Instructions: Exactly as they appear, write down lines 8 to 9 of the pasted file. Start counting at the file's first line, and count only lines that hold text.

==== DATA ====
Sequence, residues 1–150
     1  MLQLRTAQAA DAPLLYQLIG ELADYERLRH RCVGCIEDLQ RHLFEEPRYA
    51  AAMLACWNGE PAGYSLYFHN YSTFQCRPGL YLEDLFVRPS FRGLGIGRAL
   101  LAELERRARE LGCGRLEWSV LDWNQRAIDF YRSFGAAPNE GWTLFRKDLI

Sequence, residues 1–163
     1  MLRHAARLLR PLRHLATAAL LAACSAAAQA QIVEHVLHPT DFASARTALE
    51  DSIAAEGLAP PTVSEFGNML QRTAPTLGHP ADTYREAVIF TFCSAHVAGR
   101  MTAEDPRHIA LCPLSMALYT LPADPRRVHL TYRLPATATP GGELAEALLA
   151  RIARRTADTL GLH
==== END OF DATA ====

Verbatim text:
   101  MTAEDPRHIA LCPLSMALYT LPADPRRVHL TYRLPATATP GGELAEALLA
   151  RIARRTADTL GLH